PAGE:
If you are a UK resident, you may have access to government postgraduate loans, similar to the undergraduate student loan system. If postgraduate loans are not an option, funding choices for postgraduate study are,

Do I Need A Master’s To Get A PhD?

Universities generally require PhD candidates to hold a master’s degree. It is standard practice for students to start a research master’s degree and, if their research meets set standards, progress their study to a full PhD. It is at this point that students can stop their research and graduate with a Master of Philosophy (MPhil) or Master of Research (MRes)

How Much Does A Masters’s Degree Increase Your Salary UK?

According to the 2019/20 UK government statistics, the median earning after five years of graduating with a taught master’s degree was £32,800. 

This is a boost of £5,400 a year in additional salary compared to the average undergraduate salary of £27,400

 

Can You Do a Master with a 2:2

To be accepted on a competitive course at a top-ranking university, applicants typically require a 2:1 or above. However, some universities and courses will accept applications from holders of an undergraduate bachelor’s degree at 2:2.

Always check the admission requirements for each course you are interested in. If you have relevant work experience at the right level, it is worth speaking directly with the admissions team. They will be able to advise if they can take your work experience into account when assessing candidates.

Can You Do a Masters Without an Undergraduate Degree?

It is possible to be accepted to some master’s degrees without an undergraduate degree. However, this is only possible where the student demonstrates significant equivalent experience and certification.

For example, a business leader in a management position with professional certification, considered to be at the equivalent level to undergraduate study, gaining a place on a Leadership MA.

Gaining a place on a Masters without an undergraduate degree and relevant professional certification and experience is not possible.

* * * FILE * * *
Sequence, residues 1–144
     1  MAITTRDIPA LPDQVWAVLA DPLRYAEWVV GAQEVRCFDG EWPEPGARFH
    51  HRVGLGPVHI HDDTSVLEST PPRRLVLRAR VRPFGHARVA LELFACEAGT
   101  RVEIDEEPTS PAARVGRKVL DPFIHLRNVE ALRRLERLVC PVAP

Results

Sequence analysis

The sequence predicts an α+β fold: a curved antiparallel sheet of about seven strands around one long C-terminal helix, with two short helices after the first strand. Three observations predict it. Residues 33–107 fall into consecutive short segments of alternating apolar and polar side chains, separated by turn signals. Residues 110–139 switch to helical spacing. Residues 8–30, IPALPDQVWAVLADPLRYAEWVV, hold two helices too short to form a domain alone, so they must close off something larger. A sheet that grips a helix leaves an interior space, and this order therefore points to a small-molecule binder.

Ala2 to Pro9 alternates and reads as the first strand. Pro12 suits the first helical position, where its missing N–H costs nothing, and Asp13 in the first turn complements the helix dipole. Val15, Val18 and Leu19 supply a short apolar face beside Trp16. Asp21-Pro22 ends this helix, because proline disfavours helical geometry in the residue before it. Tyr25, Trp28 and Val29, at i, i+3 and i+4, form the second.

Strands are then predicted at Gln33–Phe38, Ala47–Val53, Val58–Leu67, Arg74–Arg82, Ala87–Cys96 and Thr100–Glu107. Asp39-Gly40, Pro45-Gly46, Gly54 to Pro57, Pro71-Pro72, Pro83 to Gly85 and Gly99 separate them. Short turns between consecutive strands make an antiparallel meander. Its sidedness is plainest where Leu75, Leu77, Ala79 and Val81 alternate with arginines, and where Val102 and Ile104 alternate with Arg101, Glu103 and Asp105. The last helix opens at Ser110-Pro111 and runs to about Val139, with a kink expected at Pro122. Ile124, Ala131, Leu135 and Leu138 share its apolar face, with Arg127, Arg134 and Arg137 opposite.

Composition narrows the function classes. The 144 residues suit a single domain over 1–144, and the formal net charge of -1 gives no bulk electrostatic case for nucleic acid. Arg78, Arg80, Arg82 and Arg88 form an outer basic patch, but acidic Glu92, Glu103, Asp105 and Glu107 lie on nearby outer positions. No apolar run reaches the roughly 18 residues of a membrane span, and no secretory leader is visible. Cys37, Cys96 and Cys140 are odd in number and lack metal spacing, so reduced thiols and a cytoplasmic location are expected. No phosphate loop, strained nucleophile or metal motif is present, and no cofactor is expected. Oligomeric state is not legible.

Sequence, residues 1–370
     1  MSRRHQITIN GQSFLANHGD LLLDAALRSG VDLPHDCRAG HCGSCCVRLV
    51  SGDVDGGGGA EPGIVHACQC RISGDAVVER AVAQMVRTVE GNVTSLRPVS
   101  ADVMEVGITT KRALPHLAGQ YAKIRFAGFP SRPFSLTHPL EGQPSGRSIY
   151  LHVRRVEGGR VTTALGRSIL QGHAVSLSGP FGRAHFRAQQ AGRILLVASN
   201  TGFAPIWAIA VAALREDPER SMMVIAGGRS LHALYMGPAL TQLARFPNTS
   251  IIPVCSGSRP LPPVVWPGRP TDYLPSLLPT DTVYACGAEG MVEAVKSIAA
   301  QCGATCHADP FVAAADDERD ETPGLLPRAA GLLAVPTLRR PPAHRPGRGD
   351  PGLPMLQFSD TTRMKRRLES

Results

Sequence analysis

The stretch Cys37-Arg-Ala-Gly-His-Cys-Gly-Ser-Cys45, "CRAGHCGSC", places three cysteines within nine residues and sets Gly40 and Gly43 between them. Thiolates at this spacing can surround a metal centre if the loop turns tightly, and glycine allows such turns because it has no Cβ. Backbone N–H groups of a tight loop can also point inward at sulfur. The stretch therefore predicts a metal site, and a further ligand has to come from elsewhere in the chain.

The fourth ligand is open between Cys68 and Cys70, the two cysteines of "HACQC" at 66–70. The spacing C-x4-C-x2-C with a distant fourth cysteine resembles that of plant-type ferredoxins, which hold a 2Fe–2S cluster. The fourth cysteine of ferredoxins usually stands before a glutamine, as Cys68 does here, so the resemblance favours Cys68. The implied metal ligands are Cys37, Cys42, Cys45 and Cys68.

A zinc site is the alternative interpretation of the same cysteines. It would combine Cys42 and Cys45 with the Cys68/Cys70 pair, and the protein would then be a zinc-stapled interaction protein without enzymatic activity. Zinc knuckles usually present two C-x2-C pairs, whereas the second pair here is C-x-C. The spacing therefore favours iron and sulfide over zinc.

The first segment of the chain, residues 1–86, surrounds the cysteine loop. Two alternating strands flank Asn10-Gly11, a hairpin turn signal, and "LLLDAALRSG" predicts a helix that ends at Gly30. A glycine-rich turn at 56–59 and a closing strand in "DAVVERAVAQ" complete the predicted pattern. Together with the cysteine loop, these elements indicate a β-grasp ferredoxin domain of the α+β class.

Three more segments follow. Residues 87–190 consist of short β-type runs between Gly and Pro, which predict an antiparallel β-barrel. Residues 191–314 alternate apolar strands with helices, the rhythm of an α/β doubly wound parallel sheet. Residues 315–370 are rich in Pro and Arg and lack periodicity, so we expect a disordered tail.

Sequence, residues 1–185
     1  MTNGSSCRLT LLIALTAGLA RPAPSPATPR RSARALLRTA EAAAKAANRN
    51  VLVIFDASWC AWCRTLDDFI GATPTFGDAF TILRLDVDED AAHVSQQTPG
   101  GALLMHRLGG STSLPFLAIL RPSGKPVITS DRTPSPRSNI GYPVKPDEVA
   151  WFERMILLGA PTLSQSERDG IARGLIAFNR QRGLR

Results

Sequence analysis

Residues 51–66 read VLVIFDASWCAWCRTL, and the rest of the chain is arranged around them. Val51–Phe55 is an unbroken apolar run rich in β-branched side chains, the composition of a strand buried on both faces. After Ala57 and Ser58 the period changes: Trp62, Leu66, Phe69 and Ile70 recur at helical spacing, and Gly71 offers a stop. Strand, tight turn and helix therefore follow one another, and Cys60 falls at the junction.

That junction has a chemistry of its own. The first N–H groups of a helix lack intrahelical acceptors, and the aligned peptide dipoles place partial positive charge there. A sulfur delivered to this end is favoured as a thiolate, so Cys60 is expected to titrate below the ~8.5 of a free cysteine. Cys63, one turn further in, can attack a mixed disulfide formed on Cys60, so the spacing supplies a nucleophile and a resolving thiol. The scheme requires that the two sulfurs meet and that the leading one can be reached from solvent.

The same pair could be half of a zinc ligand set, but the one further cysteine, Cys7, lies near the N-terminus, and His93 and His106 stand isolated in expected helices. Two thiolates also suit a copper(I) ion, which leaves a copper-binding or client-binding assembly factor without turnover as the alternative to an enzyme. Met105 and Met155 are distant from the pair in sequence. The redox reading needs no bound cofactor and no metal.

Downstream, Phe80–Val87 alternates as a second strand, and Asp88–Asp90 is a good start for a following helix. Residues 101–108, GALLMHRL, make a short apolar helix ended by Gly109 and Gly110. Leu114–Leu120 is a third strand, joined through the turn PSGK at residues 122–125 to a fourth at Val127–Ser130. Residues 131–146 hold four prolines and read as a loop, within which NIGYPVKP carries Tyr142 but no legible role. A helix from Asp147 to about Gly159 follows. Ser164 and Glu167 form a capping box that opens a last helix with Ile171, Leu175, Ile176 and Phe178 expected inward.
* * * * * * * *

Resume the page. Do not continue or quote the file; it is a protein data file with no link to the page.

What is a Master’s Degree Alternative?

Master’s degree programs are at Level 7. The main level 7 alternatives to a master’s degree in the UK are

  • Level 7 award
  • Level 7 certificate
  • Level 7 diploma
  • Level 7 NVQ
  • Postgraduate certificate
  • Postgraduate diploma

What is an Executive Master’s?

These are taught or research-based management courses designed for mid-career and senior professionals and are called executive master’s degrees. They are typically part-time and offer the flexibility to complete the course while working full-time. Online, part-time MBAs (Masters of Business Administration) are good examples of this type of course.

Executive Master’s degrees are usually the flagship courses offered by business schools, and places on these courses can be highly competitive.

Can You Do A Masters In Something Not Related To Your Undergraduate Bachelor’s Degree?

Yes, there are Masters’s degrees designed especially for this situation, Conversion Courses, and others that will accept relevant career experience.

Can You Do A Masters While Working Full Time?

Working full-time and studying for a Master’s degree is very common. Online, part-time masters are specially designed to meet this demand.  Gaining a master’s degree while working part-time has become increasingly popular in recent years as the postgraduate student loan makes funding more accessible.

How Old Are Masters Students?

For part-time postgraduate study, 70% of students are over 30 and over.

Part-time Postgraduate Student Ages in the UK

Source: HESA Higher Education Student Statistics

What Is The Age Limit For Doing Masters In the UK?

There is no upper age limit for a master’s degree in the UK. However, some master’s degree funding options do have upper age limits.

Postgraduate loans have an upper age limit of 60 years on the first day of the academic year that the course starts. Commercial loans available for higher education vary in their upper age limits. We have more information about funding options for international and UK-based postgraduate students.

What Is An Integrated Master’s Degree?

An integrated master’s is a four-year, full-time course that combines a bachelor’s degree with a master’s degree. Students can leave after year three with an undergraduate degree or continue to the Master’s degree program in year four.

How are Masters Graded?

Masters in the UK are graded as, Pass, Merit and Distinction. Students typically need to score 70% or higher to gain a distinction.